Better late than never (we hope)
I'm writing this in the early hours of Sunday morning following a very lively Premiership afternoon and evening.
It's pretty much impossible to sleep until 3am or so after editing an MOTD, so I may as well use the time to send another blog entry into the ether.
At the time of writing, I can vaguely remember why we decided to do what we did with the show tonight, so will try to explain in due course!
On the vast majority of Saturdays nowadays, Match of the Day is much more sympathetically scheduled than it was at certain times in the past.
When Des Lynam left the BBC in 1999, he had been unhappy for some time at the erratic slots which he, and the team, were regularly enduring.
On-air times changed from week to week, but were heading in the general direction of midnight and beyond.
Since the contract returned in 2004-5, we have consistently been on the air at 10.30pm on Saturdays and Sundays.
That's become 10.15 and 10 o'clock respectively so far this season.
The only exceptions are for major traditional Saturday night BBC events, namely The Festival of Remembrance, Last NIght of the Proms and The Eurovision Song Contest.
Unfortunately for us - and for viewers looking for an early night - one of those events fell tonight, before a show featuring eight Premiership matches, all with a decent story attached.
At least the whole programme goes out again on Sunday morning these days, and the odd clash with a major event is a price we understand we occasionally have to pay for working for a mass audience network.
The BBC has a public service remit and an obligation to its audience which extends across all genres. That said, sport - and particularly football - is currently treated with considerable care and attention within that framework.
Anyway, tonight's running order was a real headache.
A good headache in that there was merit in every game, but if you're a Bolton or Watford fan and watched the whole show live, I'm well aware that you sat up well beyond midnight to watch your five minutes.
I hope it was some consolation that fans of the Premiership champions had to wait almost as long for their edit. In both cases, the rationale was that a home win, though hard-fought, was the expected result.
Even if, in Bolton's case, it was very harsh on their opponents
Everton, Portsmouth and Man Utd all won at home, too, but each topped the table in turn as a result of their staggered kick-off times, so it seemed right to lead with those three games in chronological order.
Fulham's win at Newcastle was arguably the surprise result of the day so that came next, followed by Boro's battling draw at a still-winless Arsenal.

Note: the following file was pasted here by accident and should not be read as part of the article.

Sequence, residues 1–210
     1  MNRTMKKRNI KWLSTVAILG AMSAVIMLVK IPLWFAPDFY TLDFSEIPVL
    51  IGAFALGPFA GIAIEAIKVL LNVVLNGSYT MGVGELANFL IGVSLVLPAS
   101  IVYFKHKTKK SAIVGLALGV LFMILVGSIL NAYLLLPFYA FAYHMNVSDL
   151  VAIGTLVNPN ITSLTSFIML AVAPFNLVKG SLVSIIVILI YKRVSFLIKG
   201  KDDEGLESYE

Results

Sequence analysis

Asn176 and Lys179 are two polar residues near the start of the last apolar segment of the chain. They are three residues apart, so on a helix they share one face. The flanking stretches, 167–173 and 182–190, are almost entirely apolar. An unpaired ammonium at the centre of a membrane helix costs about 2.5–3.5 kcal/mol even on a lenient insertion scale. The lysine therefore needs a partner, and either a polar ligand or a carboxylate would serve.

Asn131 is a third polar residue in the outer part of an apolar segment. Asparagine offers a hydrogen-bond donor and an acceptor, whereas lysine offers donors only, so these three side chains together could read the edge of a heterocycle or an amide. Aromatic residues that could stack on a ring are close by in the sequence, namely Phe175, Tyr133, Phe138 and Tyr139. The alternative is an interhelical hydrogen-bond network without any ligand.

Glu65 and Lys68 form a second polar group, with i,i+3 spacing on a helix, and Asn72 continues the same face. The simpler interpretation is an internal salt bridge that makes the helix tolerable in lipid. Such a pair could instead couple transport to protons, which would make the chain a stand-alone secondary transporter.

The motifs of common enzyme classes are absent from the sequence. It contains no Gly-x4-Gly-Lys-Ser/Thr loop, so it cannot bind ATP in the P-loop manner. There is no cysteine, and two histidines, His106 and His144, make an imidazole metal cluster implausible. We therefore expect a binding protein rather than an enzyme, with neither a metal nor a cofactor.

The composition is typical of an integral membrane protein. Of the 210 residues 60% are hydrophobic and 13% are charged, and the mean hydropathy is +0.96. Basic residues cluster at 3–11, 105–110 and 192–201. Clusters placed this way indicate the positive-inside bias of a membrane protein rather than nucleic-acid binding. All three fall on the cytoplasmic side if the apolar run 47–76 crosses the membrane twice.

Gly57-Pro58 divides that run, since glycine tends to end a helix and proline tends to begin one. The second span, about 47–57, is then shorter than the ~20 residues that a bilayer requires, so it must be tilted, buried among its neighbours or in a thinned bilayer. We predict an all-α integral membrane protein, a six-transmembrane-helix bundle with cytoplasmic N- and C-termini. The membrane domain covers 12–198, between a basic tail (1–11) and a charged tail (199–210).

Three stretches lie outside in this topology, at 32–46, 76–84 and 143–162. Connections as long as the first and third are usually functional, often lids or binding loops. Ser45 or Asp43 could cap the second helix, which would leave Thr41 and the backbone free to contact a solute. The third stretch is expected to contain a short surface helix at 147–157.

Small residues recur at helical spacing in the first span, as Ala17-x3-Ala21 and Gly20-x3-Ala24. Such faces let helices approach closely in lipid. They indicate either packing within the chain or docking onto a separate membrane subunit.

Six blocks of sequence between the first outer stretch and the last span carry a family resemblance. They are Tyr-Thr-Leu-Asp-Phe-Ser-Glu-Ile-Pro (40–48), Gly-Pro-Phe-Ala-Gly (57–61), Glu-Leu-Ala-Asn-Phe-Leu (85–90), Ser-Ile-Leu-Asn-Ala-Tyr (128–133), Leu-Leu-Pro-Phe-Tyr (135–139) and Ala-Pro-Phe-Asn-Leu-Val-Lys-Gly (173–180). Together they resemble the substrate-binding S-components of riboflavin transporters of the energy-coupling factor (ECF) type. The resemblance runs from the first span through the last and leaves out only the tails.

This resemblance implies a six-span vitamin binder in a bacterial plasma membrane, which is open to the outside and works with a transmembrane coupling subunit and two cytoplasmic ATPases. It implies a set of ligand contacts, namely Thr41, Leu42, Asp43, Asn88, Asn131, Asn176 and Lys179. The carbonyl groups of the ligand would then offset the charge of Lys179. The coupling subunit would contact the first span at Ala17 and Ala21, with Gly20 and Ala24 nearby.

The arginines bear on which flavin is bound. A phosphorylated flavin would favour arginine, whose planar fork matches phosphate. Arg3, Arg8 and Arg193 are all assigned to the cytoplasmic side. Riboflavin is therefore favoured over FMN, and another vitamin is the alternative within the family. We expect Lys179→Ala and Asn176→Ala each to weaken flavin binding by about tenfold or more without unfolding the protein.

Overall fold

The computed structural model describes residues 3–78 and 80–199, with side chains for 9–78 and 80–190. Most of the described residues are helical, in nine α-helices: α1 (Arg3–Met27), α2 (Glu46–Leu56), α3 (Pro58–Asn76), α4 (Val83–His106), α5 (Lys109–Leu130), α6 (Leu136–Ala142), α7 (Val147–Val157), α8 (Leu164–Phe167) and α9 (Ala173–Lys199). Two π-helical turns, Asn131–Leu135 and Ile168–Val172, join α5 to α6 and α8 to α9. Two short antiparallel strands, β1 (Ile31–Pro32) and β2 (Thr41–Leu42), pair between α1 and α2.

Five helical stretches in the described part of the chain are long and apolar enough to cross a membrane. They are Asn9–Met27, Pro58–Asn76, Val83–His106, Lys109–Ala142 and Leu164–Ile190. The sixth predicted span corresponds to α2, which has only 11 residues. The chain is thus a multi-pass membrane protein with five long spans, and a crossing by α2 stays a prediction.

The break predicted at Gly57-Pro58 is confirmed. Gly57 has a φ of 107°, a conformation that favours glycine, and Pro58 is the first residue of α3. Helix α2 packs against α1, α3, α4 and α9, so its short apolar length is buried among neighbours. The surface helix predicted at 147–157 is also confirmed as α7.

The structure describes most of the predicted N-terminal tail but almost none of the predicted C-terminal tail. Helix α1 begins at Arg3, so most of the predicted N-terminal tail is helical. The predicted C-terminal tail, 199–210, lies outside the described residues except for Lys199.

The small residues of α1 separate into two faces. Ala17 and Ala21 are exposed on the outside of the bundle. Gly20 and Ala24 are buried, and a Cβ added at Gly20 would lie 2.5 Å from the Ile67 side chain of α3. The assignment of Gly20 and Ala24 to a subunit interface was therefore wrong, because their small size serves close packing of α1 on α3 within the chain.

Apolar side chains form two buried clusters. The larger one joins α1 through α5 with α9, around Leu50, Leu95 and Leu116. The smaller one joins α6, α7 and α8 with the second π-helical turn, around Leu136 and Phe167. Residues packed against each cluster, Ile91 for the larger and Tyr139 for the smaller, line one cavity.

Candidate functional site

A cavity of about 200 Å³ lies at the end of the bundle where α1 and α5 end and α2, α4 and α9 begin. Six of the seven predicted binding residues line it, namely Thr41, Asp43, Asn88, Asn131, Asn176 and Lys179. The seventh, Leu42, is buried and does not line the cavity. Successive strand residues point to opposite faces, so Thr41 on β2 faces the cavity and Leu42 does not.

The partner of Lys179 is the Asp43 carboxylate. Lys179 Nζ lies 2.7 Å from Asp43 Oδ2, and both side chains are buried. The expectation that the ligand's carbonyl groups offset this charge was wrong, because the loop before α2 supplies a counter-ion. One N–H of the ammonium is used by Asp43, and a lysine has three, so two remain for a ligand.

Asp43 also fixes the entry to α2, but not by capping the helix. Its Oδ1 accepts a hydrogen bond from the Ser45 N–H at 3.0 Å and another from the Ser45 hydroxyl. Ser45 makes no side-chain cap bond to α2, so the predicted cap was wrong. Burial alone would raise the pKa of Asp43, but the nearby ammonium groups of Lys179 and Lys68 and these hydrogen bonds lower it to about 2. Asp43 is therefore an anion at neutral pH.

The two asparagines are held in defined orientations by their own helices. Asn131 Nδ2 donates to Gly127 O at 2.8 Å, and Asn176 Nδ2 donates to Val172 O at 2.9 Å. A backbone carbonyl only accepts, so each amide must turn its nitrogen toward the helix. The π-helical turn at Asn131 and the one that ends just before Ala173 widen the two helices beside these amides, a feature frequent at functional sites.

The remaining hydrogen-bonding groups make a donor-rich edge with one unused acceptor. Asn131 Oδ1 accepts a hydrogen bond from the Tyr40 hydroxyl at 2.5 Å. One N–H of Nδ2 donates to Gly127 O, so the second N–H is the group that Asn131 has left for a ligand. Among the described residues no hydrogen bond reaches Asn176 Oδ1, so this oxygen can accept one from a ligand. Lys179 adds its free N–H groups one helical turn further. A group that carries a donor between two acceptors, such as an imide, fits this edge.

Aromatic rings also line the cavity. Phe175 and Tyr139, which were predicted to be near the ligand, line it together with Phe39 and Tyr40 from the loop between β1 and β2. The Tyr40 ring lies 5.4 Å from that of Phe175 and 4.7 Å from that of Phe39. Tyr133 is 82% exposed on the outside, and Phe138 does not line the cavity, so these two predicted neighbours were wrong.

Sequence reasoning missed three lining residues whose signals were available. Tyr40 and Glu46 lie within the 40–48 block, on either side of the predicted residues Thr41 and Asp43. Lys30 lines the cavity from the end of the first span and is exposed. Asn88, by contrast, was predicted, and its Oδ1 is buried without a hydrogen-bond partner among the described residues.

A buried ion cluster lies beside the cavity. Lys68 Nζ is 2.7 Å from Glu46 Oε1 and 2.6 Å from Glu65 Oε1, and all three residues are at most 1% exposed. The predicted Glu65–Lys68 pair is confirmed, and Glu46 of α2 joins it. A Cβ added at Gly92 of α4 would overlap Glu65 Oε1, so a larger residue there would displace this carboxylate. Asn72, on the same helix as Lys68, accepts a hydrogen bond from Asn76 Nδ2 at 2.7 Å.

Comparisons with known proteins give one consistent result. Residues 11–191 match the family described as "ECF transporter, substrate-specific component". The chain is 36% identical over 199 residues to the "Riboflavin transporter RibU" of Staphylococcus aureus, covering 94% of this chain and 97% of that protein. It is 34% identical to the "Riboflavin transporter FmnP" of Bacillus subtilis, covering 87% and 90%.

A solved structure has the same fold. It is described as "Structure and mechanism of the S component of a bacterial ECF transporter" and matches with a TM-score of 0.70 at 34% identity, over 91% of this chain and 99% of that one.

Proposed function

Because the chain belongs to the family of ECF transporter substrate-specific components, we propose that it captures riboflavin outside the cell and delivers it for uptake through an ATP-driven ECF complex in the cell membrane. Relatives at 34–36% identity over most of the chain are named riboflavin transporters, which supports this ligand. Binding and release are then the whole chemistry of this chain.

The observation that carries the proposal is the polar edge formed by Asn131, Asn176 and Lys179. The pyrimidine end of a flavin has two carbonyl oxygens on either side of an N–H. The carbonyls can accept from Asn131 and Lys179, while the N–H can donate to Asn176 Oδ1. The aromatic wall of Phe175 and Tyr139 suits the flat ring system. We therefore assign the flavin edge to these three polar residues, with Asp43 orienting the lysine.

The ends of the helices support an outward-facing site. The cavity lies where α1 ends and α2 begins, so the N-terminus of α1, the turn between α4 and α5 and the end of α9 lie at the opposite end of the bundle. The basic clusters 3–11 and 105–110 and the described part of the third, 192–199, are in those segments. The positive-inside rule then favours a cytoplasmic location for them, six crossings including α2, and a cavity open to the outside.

It was one of those days where 100 different football followers would probably have come up with 100 different, but entirely legitimate, running orders.
We agonised for a while, but eventually went with the day's only 0-0 next, ahead of Chelsea and Bolton.
We did so largely because something very unusual had happened, in the form of three penalty misses.
As I've mentioned before, the second balancing act, once we've drawn up a match order, is that between action and analysis.
Tonight, we commented on every game bar Chelsea v Charlton, but mostly kept the analysis fairly brief.
On a couple of occasions - the penalty decisions at Bramall Lane and the two goals conceded by Newcastle -we revisited the major turning points of a game; while elsewhere we looked at key players (Jonathan Woodgate and Andy Johnson) using our Piero analysis kit and various examples, some of which had not featured in the edits.
And in the case of Portsmouth and Watford (and their great start to the season/ bad luck thus far, respectively) we found room for chat without accompanying VT.
Again, 100 different people who'd tried to keep across all 8 matches from 1245 until 1910, and had spoken to the various producers, commentators and pundits watching each, would probably have come up with 100 different plans of action.
In the end, all we can do is our best: we can only call it honestly as we see it.
Somehow, it all added up to our allocated 79'30" exactly. if it wasn't the same 79'30" you'd have come up with, or if you sloped off at our normal off-air time, our sincere apologies.
It's now 1.40 am,The Killers are just closing the repeat of the Jonathan Ross show on BBC1, and I really should go home.
I'm actually away for a few days as of tomorrow, so please don't think I'm being rude if I fail to respond promptly to any comments sent in.
By the way, if anyone reading this is making a return visit, you may recall that I also had a recent weekend off for a wedding. Don't worry, I am aware of my duty to the licence-payer and will be paying heavily for this slight dereliction of duty with a particularly punishing schedule for the rest of 2006!